Returning home for the holidays brews anxiety into the hearts of many, especially when it’s a blue child returning to the red homes in which they grew up. Sam is a proud Lesbian and delights in any opportunity to confront “haters”, her word for people who vocalize dissent for her way of being. Reunions with her family quickly digress into heated yelling matches. Her father sits on his throne at the head of the table, opening about the merits of the current Trump administration, railing against female and gay rights, while she yells back about the hypocrisy of “standing for freedom” while at the same time oppressing minorities. “Every year is the same” she tells me.
“How boring,” I respond. She’s taken aback. I know she wants me to side with her, agreeing with the hardships the gay community has faced, presumably since the beginning of humanity. And, while I do compassionately support her cause, there’s another topic at hand, that of family harmony.
“Choose your battles, choose your audience, choose your timing,” I tell her. “Your father isn’t going to change with confrontation. Hell, he’s probably never going to change at all. Deal with it. The older people get, the more rigid they become. Take your energy, your heat, your passion, and put it where it has a chance to make real change. Not at a family reunion but in a public forum, perhaps. And when you’re home, in your dad’s house, smile and tell him you love him, no matter what he says, no matter how big of an ass he’s being. This is how to defuse a bully. No matter how loud he yells, just smile and nod, and remember inside that you love him. He’ll bore of his tyraids, or he won’t, but at least you can have a peaceful family visit.”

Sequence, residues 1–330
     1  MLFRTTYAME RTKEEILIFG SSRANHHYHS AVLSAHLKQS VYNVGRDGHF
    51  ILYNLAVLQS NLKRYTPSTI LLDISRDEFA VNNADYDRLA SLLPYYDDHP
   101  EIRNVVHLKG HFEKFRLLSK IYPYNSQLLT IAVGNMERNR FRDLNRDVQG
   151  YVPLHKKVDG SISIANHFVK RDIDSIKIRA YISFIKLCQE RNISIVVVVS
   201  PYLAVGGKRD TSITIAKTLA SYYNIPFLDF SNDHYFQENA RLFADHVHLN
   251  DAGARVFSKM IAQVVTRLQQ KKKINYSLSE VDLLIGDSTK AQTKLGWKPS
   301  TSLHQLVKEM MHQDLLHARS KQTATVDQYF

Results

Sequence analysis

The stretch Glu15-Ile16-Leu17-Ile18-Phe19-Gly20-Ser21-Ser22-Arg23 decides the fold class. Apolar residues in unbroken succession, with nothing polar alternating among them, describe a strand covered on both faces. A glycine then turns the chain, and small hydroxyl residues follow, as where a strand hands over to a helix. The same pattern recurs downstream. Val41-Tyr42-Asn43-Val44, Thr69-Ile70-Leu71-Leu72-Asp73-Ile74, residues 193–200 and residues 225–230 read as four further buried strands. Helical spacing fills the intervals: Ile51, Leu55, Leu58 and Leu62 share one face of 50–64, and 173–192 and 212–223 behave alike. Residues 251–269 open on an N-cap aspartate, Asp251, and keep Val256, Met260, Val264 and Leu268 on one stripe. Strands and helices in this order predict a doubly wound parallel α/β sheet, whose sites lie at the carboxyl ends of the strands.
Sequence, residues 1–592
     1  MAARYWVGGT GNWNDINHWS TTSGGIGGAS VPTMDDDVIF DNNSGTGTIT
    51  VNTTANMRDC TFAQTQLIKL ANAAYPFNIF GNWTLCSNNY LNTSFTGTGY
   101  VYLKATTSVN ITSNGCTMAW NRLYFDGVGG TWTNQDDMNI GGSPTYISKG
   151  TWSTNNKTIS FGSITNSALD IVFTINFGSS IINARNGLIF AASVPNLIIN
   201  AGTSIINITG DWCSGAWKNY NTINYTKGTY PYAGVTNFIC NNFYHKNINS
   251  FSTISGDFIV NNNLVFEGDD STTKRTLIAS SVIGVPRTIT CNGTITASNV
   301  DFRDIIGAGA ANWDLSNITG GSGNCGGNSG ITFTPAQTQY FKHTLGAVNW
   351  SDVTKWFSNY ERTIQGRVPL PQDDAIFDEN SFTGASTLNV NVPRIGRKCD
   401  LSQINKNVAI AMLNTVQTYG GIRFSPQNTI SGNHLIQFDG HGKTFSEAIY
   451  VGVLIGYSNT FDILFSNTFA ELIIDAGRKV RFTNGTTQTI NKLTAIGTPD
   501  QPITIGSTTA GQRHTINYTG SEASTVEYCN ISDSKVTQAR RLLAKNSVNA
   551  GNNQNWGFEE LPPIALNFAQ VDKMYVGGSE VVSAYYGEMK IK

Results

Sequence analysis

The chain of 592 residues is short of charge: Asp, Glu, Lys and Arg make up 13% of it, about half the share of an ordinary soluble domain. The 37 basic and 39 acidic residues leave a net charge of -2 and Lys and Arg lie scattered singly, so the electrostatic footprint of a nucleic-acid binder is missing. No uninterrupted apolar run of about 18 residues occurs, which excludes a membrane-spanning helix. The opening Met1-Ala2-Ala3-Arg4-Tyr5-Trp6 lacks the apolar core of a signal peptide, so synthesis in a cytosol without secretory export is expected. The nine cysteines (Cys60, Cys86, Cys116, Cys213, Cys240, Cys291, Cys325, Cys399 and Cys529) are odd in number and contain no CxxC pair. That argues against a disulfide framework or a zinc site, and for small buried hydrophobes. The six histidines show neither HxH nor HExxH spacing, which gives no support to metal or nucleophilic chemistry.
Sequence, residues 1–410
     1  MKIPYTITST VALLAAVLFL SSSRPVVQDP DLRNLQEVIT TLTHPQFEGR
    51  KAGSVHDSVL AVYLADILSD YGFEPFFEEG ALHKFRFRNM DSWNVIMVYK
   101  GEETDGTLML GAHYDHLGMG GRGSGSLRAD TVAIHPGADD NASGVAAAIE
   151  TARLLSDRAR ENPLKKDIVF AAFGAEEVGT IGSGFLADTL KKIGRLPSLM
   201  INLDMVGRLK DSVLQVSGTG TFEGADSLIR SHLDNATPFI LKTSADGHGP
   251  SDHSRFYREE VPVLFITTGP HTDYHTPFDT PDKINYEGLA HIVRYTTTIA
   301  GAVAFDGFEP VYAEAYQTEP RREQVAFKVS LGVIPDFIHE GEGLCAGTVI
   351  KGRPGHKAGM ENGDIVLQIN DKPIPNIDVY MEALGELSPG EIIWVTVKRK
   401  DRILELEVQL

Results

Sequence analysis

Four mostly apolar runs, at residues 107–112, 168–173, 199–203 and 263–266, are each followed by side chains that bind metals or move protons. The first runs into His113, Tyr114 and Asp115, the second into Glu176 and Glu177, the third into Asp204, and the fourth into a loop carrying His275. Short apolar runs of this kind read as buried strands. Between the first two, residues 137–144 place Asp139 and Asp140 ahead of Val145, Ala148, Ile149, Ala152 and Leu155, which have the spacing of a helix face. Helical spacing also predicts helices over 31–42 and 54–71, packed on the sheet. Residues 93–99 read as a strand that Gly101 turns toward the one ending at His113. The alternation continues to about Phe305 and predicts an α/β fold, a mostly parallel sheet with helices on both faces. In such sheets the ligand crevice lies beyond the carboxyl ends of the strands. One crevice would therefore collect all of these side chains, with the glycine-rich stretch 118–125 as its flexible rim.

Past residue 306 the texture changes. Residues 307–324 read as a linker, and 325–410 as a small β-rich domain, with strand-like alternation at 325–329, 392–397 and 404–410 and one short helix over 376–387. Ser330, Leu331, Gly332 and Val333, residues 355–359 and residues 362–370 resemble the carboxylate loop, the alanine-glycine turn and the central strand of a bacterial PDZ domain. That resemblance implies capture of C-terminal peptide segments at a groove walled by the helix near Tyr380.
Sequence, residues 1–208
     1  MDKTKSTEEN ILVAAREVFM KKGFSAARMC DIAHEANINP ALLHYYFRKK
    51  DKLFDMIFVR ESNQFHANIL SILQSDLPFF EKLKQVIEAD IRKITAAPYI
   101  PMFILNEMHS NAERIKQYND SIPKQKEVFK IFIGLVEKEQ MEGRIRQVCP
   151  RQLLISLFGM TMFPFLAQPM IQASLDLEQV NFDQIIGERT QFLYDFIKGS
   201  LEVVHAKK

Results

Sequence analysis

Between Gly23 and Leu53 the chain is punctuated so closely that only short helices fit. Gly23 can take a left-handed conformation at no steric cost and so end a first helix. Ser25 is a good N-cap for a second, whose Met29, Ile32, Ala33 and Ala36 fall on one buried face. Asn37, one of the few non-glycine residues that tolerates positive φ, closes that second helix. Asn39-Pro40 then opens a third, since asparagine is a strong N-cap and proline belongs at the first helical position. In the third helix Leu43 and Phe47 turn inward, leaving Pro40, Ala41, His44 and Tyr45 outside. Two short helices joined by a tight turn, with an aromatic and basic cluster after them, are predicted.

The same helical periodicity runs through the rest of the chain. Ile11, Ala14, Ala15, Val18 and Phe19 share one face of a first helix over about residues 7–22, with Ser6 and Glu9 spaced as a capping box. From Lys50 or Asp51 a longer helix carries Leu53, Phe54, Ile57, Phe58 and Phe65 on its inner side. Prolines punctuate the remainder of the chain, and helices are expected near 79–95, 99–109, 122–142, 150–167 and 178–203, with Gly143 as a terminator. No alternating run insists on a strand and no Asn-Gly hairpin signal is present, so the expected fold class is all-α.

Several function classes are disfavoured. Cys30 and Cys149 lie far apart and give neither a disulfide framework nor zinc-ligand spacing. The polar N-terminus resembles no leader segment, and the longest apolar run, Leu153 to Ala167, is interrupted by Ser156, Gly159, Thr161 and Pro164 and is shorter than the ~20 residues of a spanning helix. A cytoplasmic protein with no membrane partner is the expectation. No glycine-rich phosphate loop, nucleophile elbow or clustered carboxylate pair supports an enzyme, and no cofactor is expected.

Two weeks later, after a delightful family reunion of my own, I’m on my way back to Guatemala. As I make my way down another disgust infused airplane cabin, I receive a text from Sam: “you were right… thank you”.
I have plenty of opinions, just ask my wife. But I find that one of the arts of being a good person is to love those whom you disagree with most. Everyone of us is on a path to the same place and we’re all at different places along that path. Everyone you ever meet is another beautiful being, perhaps misguided, but walking that path. Our place is not to judge, but to support. By yelling at your father for his silly ideas, you’re not supporting his path, nor your own. We show support by unconditionally loving, demonstrating tolerance and compassion. This is not to suggest that we always silence ourselves for the sake of harmony. Instead, we choose wisely our battles, we choose wisely our audience, and we choose wisely our timing. In this way, we’ll find the time for meaningful discussions and we’ll find other times for harmonious family reunions.
This is a time to eat, drink and be merry! Happy holidays!